Wet roads look like being a feature of this week's rally. But it was a different story on Monday and Tuesday, when we joined the drivers in dry and sunny conditions for the pre-event recce. Here's what we saw:
1. Narrow and technical
This edition takes in far more of the Mediterranean island than 2008, the last time it featured in the WRC calendar, when the action was centred on the Ajaccio region. The longer route has brought more varied stages, with Friday and Saturday's roads generally narrower and on more abrasive, broken asphalt than Sunday's. One constant, however, is the number of corners. We couldn't verify the 'Rally of 10,000 Corners' nickname but we didn't find a straight longer than 200 metres anywhere. The picture below is from the Casamozza - Pomte Leccia stage, run on Friday (as SS2) and repeated on Saturday (as SS4).
2. Broken and bumpy
The variety of road surface covers everything from fresh laid black-top to sections that are way past their prime. Pictured below is an example of the latter, 22km into Saturday's Muracciole - Sol de Sorba (SS6).
3. Smooth and tidy
Sunday's stages tend to be wider and on better asphalt than Friday and Saturday's. The day includes more of the island's main roads, sections of which have been resurfaced especially. Pictured here is the best we could find - a perfectly smooth, barely-cooled, 500 metre stretch of fresh asphalt on Sunday's Sotta - Chialza test (SS7).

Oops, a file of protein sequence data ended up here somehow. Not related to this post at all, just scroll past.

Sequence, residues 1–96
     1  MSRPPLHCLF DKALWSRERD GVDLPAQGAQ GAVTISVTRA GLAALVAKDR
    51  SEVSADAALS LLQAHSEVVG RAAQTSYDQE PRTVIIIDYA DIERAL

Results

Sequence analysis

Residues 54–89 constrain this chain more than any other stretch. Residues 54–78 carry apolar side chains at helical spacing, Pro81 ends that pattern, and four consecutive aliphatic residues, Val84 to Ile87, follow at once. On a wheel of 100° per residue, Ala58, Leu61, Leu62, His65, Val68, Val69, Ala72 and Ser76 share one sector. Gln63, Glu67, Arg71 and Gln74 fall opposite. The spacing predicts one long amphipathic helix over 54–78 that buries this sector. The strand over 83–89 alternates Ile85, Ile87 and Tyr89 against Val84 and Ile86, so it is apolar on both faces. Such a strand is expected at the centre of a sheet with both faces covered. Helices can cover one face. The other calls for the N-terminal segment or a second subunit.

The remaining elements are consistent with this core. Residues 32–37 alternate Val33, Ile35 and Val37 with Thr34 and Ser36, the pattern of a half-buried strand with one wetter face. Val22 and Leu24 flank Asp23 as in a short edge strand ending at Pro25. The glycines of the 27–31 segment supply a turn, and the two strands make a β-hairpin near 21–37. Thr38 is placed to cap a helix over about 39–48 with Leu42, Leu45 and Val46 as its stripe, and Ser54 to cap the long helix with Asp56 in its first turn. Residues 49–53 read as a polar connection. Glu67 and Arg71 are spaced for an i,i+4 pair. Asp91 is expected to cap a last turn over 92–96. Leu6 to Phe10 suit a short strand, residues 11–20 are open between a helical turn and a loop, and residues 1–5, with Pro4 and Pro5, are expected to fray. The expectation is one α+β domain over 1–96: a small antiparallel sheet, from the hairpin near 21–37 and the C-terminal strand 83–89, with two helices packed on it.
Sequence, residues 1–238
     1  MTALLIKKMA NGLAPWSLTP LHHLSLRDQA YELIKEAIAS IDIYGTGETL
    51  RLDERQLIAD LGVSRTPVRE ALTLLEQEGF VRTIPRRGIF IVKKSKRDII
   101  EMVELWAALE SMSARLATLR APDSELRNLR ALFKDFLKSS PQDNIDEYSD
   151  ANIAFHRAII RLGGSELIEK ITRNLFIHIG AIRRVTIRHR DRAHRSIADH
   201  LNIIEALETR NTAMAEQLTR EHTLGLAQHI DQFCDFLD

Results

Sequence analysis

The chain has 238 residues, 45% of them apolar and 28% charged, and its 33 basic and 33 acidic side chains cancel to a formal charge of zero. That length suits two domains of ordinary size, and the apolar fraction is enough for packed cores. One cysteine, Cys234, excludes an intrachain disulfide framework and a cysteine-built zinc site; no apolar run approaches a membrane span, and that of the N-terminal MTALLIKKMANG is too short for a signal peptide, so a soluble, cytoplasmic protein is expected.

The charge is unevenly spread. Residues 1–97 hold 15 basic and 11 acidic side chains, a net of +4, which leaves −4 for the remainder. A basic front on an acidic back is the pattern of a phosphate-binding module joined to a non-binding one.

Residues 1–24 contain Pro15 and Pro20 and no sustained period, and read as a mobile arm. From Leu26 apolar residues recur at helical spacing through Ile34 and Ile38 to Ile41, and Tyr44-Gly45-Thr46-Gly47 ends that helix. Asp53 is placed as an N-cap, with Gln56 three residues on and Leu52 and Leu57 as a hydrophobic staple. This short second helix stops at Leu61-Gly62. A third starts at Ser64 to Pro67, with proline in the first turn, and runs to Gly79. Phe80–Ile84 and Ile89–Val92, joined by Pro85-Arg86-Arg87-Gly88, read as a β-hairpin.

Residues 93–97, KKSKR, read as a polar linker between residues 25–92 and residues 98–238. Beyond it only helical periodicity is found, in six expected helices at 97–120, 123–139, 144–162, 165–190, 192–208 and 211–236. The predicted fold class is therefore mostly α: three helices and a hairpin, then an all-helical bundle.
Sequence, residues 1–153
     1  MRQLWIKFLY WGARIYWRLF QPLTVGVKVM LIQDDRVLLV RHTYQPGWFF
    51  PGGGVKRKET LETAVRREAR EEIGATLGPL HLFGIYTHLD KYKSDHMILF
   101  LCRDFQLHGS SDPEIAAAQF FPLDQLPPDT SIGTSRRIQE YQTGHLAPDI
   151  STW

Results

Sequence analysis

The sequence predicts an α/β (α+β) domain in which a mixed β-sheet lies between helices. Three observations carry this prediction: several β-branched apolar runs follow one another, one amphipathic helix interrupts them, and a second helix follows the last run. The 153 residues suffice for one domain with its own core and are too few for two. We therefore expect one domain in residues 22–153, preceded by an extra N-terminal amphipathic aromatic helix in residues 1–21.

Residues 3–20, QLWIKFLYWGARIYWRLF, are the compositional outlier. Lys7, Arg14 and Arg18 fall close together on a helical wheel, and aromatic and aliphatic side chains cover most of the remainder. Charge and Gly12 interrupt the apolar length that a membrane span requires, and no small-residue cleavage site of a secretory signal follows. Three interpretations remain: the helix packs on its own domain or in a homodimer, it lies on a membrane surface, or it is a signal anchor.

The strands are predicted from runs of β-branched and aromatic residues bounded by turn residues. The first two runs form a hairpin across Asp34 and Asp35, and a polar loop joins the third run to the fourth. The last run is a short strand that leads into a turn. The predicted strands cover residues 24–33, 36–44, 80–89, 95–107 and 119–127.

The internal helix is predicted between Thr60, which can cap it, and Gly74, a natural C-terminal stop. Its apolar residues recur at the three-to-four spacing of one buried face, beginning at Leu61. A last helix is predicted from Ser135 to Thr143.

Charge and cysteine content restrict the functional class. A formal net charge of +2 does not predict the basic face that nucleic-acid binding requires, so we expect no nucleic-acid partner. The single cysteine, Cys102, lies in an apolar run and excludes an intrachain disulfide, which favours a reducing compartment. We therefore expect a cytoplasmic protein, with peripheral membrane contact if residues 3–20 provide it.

4. Monte Carlo-esque
Corsica isn't the only round of the championship to be based in France, and in places the route reminded us of the Alpes Maritimes north of Monte-Carlo. Below is a good example, 26km into Saturday's Muracciole - Col de Sorba (SS6). It's a classic Monte mix of narrow and twisty road, rock face on one side, stone wall and sheer drop on the other.
5. Junction hairpin right.
There are hairpins aplenty in Corsica, but the one below in the Francada - Sermano stage (SS3/5) is so incredibly tight that organisers have added an alternative route. Taking the hairpin option, drivers will approach the corner uphill from the road on the right, before turning hard right. If that isn't possible, they can continue 50 metres past our camera position and double-back around a bus stop instead. We expect the World Rally Cars to favour the hairpin option. Less agile cars, the RGT Porsches for instance, will probably take the bus stop.
Picture credit: Omar Avila